Baltimore is forcing students to attend schools with no heat (Photos)

Teachers in Baltimore have implored the city to shut down all public schools until heating issues at the buildings are resolved.

The Baltimore Teachers Union said the city should close all Baltimore City Public Schools until it has repaired the heating problems that have left children shivering and have already close some of the buildings, the Baltimore Sun reported.

“I implore that you close schools in the District until your facilities crew has had time to properly assess and fix the heating issues within the affected schools in Baltimore City,” Baltimore Teachers Union President Marietta English said in a letter delivered to the Baltimore Schools CEO Sonja Santelises on Wednesday.

English also said the school district cannot expect teachers to work in buildings with “bursting boilers, drafty windows, frigid temperatures in classrooms.”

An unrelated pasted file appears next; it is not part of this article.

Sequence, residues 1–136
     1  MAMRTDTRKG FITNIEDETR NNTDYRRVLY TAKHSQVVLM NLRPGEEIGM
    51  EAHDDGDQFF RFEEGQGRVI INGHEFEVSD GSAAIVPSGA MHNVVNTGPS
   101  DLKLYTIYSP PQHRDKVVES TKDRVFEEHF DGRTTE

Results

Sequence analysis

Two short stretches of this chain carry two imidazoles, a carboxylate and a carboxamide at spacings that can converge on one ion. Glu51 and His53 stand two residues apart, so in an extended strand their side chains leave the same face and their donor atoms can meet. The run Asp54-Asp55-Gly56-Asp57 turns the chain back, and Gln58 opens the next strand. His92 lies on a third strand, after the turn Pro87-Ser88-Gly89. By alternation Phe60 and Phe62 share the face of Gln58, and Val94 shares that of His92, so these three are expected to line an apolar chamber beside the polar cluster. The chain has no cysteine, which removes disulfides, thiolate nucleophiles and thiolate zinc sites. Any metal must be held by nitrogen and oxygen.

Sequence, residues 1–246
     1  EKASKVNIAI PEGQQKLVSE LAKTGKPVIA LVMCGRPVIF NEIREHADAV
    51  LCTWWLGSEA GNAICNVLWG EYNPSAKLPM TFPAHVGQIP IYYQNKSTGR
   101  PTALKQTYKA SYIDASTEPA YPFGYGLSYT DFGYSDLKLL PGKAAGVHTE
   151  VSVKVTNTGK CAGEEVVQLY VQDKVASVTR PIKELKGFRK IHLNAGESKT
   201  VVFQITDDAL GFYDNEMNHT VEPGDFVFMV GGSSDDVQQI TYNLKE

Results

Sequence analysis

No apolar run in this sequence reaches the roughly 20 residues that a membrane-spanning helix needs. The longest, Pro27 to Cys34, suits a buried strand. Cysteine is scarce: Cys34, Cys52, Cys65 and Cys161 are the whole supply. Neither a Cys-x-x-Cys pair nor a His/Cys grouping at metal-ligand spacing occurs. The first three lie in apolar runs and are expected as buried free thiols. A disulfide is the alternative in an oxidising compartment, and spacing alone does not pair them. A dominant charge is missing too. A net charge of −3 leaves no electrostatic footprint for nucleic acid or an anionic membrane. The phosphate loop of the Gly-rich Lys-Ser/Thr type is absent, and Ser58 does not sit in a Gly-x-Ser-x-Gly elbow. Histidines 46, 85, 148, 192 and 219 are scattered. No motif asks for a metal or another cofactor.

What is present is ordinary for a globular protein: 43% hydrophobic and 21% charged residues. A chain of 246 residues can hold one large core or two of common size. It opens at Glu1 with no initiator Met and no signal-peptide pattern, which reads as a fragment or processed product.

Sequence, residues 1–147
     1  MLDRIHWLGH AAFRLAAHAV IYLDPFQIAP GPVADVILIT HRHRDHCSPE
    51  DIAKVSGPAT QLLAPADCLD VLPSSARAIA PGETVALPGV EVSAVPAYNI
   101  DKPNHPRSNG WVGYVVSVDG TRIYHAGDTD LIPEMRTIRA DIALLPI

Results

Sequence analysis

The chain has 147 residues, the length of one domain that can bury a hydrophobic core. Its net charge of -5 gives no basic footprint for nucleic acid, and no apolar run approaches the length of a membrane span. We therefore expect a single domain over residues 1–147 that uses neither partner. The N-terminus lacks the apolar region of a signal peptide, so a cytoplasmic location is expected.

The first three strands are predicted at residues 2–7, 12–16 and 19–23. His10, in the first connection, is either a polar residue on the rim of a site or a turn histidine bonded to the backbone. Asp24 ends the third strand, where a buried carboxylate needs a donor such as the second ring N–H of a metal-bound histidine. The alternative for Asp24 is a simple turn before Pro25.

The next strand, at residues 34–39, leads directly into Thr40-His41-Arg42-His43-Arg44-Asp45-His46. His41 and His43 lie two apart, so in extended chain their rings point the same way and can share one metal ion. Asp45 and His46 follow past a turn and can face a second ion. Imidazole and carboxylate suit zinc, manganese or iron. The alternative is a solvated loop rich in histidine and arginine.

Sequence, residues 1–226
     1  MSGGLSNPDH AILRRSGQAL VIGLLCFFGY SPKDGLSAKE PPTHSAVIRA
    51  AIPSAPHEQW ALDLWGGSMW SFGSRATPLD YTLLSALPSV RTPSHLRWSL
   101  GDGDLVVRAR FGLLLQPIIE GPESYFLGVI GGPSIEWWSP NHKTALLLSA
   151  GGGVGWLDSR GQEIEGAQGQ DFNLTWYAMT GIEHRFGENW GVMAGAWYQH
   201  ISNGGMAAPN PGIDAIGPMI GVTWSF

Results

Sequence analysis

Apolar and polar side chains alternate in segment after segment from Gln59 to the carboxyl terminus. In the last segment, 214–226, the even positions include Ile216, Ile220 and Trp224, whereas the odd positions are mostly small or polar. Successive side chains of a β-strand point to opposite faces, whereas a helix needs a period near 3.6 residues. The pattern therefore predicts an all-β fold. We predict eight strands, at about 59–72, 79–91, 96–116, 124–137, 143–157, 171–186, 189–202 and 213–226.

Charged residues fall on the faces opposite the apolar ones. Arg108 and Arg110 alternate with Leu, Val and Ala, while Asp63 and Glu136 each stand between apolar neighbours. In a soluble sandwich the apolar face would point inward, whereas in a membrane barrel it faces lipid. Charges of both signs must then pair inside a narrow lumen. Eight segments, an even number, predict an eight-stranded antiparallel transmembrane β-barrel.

The city school system closed four schools all day Wednesday — including elementary schools — and dismissed students early from two more due to heating problems, though parents, teachers and students said the problems were far more widespread across BCPS buildings.

Anaija Bishop, a 16-year-old freshman at Frederick Douglass High School, attended school on Wednesday with a fleece blanket wrapped around her puffy coat because it was so cold inside the building, before pipe and water issues forced an early dismissal.

“The district needs to think about how cold we are and how sick we can get,” Bishop said.

“I wish [district officials] could come feel how it is inside our building,” a student at another BCPS school told The Sun. “It’s too cold. How are you supposed to study for midterms when you’re shaking?”

So far, the district has responded to complaints at about 60 of its schools, which accounts for around one-third of its buildings.

The BCPS CEO, Dr. Sonja Brookins Santelises, has acknowledged that “too many of our buildings have outdated heating systems, poor insulation, and aging pipes as a result of years of inadequate funding for maintenance and facilities improvements.”